Old lecture days in Boston(wirtten in 1898)I remember Petroleum Vesuvius Nasby (Locke) very well. When the Civil War began he was on the staff of the Toledo Blade, an old and prosperous and popular weekly newspaper. He let fly a Nasby letter and it made a fine strike. He was famous at once. He followed up his new lead, and gave the Copperheads and the Democratic party a most admirable hammering every week, and his letters were copied everywhere, from the Atlantic to the Pacific, and read and laughed over by everybody--at least everybody except particularly dull and prejudiced Democrats and Copperheads. For suddenness, Nasby's fame was an explosion; for universality it was atmospheric. He was soon offered a company; he accepted and was straightway ready to leave for the front; but the Governor of the state was a wiser man than were the political masters of K?rner and Pet?fi; for he refused to sign Nasby's commission and ordered him to stay at home. He said that in the field Nasby would be only one soldier, handling one sword, but at home with his pen he was an army--with artillery! Nasby obeyed and went on writing his electric letters.I saw him first when I was on a visit to Hartford; I think it was three or four years after the war. The Opera House was packed and jammed with people to hear him deliver his lecture on "Cussed be Canaan." He had been on the platform with that same lecture--and no other--during two or three years, and it had passed his lips several hundred times, yet even now he could not deliver any sentence of it without his manuscript--except the opening one. His appearance on the stage was welcomed with a prodigious burst of applause, but he did not stop to bow or in any other way acknowledge the greeting, but strode straight to the reading desk, spread his portfolio open upon it, and immediately petrified himself into an attitude which he never changed during the hour and a half occupied by his performance, except to turn his leaves--his body bent over the desk, rigidly supported by his left arm, as by a stake, the right arm lying across his back. About once in two minutes his right arm swung forward, turned a leaf, then swung to its resting-place on his back again--just the action of a machine, and suggestive of one; regular, recurrent, prompt, exact. You might imagine you heard it clash. He was a great, burly figure, uncouthly and provincially clothed, and he looked like a simple old farmer.I was all curiosity to hear him begin. He did not keep me waiting. The moment he had crutched himself upon his left arm, lodged his right upon his back, and bent himself over his manuscript he raised his face slightly, flashed a glance upon the audience, and bellowed this remark in a thundering bull-voice:"We are all descended from grandfathers!"Then he went right on roaring to the end, tearing his ruthless way through the continuous applause and laughter, and taking no sort of account of it. His lecture was a volleying and sustained discharge of bull's-eye hits, with the slave power and its Northern apologists for target, and his success was due to his matter, not his manner; for his delivery was destitute of art, unless a tremendous and inspiring earnestness and energy may be called by that name. The moment he had finished his piece he turned his back and marched off the stage with the seeming of being not personally concerned with the applause that was booming behind him.He had the constitution of an ox and the strength and endurance of a prize-fighter. Express trains were not very plenty in those days. He missed a connection, and in order to meet this Hartford engagement he had traveled two-thirds of a night and a whole day in a cattle car--it was midwinter. He went from the cattle car to his reading desk without dining; yet on the platform his voice was powerful and he showed no signs of drowsiness or fatigue. He sat up talking and supping with me until after midnight, and then it was I that had to give up, not he. He told me that in his first season he read his "Cussed be Canaan" twenty-five nights a month for nine successive months. No other lecturer ever matched that record, I imagine.He said that as one result of repeating his lecture 225 nights straight along, he was able to say its opening sentence without glancing at his manuscript; and sometimes even did it, when in a daring mood. And there was another result: he reached home the day after his long campaign, and was sitting by the fire in the evening, musing, when the clock broke into his revery by striking eight. Habit is habit, and before he realized where he was he had thundered out, "We are all descended from grandfathers!"I began as a lecturer in 1866, in California and Nevada; in 1867 lectured in New York once and in the Mississippi Valley a few times; in 1868 made the whole Western circuit; and in the two or three following seasons added the Eastern circuit to my route. We had to bring out a new lecture every season, now (Nasby with the rest), and expose it in the "Star Course," Boston, for a first verdict, before an audience of 2,500 in the old Music Hall; for it was by that verdict that all the lyceums in the country determined the lecture's commercial value. The campaign did not really begin in Boston, but in the towns around. We did not appear in Boston until we had rehearsed about a month in those towns and made all the necessary corrections and revisings.This system gathered the whole tribe together in the city early in October, and we had a lazy and sociable time there for several weeks. We lived at Young's Hotel; we spent the days in Redpath's Bureau, smoking and talking shop; and early in the evenings we scattered out among the towns and made them indicate the good and poor things in the new lectures. The country audience is the difficult audience; a passage which it will approve with a ripple will bring a crash in the city. A fair success in the country means a triumph in the city. And so, when we finally stepped on to the great stage at the Music Hall we already had the verdict in our pocket.But sometimes lecturers who were "new to the business" did not know the value of "trying it on the dog," and these were apt to come to the Music Hall with an untried product. There was one case of this kind which made some of us very anxious when we saw the advertisement. De Cordova--humorist--he was the man we were troubled about. I think he had another name, but I have forgotten what it was. He had been printing some dismally humorous things in the magazines; they had met with a deal of favor and given him a pretty wide name; and now he suddenly came poaching upon our preserve and took us by surprise. Several of us felt pretty unwell--too unwell to lecture. We got outlying engagements postponed and remained in town. We took front seats in one of the great galleries--Nasby, Billings, and I--and waited. The house was full. When De Cordova came on he was received with what we regarded as a quite overdone and almost indecent volume of welcome. I think we were not jealous, nor even envious, but it made us sick, anyway. When I found he was going to read a humorous story--from manuscript--I felt better and hopeful, but still anxious. He had a Dickens arrangement of tall gallows frame adorned with upholsteries, and he stood behind it under its overhead row of hidden lights. The whole thing had a quite stylish look and was rather impressive. The audience was so sure that he was going to be funny that they took a dozen of his first utterances on trust and laughed cordially--so cordially, indeed, that it was very hard for us to bear--and we felt very much disheartened. Still, I tried to believe he would fail, for I saw that he didn't know how to read. Presently the laughter began to relax; then it began to shrink in area; and next to lose spontaneity; and next to show gaps between; the gaps widened; they widened more; more yet; still more. It was getting to be almost all gaps and silence, with that untrained and unlively voice droning through them. Then the house sat dead and emotionless for a whole ten minutes. We drew a deep sigh; it ought to have been a sigh of pity for a defeated fellow craftsman, but it was not---for we were mean and selfish, like all the human race, and it was a sigh of satisfaction to see our unoffending brother fail.He was laboring now, and distressed; he constantly mopped his face with his handkerchief, and his voice and his manner became a humble appeal for compassion, for help, for charity, and it was a pathetic thing to see. But the house remained cold and still, and gazed at him curiously and wonderingly.There was a great clock on the wall, high up; presently the general gaze forsook the reader and fixed itself upon the clock face. We knew by dismal experience what that meant; we knew what was going to happen, but it was plain that the reader had not been warned and was ignorant. It was approaching nine now--half the house watching the clock, the reader laboring on. At five minutes to nine, twelve hundred people rose, with one impulse, and swept like a wave down the aisles toward the doors! The reader was like a person stricken with a paralysis; he stood choking and gasping for a few minutes, gazing in a white horror at that retreat, then he turned drearily away and wandered from the stage with the groping and uncertain step of one who walks in his sleep.The management were to blame. They should have told him that the last suburban cars left at nine and that half the house would rise and go then, no matter who might be speaking from the platform. I think De Cordova did not appear again in public.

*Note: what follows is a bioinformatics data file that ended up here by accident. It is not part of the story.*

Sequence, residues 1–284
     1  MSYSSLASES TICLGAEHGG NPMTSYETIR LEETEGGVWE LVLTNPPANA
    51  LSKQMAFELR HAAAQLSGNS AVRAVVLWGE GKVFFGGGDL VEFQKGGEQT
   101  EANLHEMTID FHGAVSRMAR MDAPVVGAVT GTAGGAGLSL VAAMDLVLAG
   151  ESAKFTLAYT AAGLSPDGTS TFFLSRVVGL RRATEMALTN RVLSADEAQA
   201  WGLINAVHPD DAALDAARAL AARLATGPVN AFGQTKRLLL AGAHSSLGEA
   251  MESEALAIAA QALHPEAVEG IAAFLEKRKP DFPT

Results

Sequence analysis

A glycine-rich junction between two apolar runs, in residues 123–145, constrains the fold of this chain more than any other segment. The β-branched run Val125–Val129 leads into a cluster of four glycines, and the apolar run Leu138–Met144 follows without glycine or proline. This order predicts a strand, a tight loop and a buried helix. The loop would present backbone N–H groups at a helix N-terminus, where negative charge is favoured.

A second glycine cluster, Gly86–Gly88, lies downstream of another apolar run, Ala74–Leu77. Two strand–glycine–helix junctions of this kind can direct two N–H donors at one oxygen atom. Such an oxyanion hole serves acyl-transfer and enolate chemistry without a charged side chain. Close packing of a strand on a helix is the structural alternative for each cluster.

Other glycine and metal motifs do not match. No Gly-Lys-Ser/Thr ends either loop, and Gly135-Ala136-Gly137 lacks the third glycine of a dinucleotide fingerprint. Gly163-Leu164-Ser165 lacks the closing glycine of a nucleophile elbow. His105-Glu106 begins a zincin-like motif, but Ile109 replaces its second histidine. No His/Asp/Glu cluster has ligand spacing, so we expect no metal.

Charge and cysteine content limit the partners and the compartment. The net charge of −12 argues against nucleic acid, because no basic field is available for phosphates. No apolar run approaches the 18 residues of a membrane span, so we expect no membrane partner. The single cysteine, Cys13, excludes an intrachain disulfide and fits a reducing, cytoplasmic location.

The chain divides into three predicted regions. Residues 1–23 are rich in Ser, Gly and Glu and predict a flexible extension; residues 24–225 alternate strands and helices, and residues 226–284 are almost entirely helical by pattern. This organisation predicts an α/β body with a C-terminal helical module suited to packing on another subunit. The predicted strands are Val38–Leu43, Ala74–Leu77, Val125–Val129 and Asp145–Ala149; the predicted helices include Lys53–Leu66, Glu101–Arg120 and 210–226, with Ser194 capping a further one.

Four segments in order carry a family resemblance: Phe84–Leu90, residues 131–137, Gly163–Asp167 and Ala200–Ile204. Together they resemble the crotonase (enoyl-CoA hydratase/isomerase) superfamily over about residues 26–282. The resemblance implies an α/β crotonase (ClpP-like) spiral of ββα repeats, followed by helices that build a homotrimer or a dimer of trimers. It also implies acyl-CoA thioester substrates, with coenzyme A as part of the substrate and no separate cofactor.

Chapter 40

The Doctor could not master that triumphant note. He always gravely stammered and whistled and whistled and stammered it through, and it came out at the end with the solemnity and the gravity of the judge delivering sentence to a man with the black cap on.

New York, Wednesday, January 24, 1906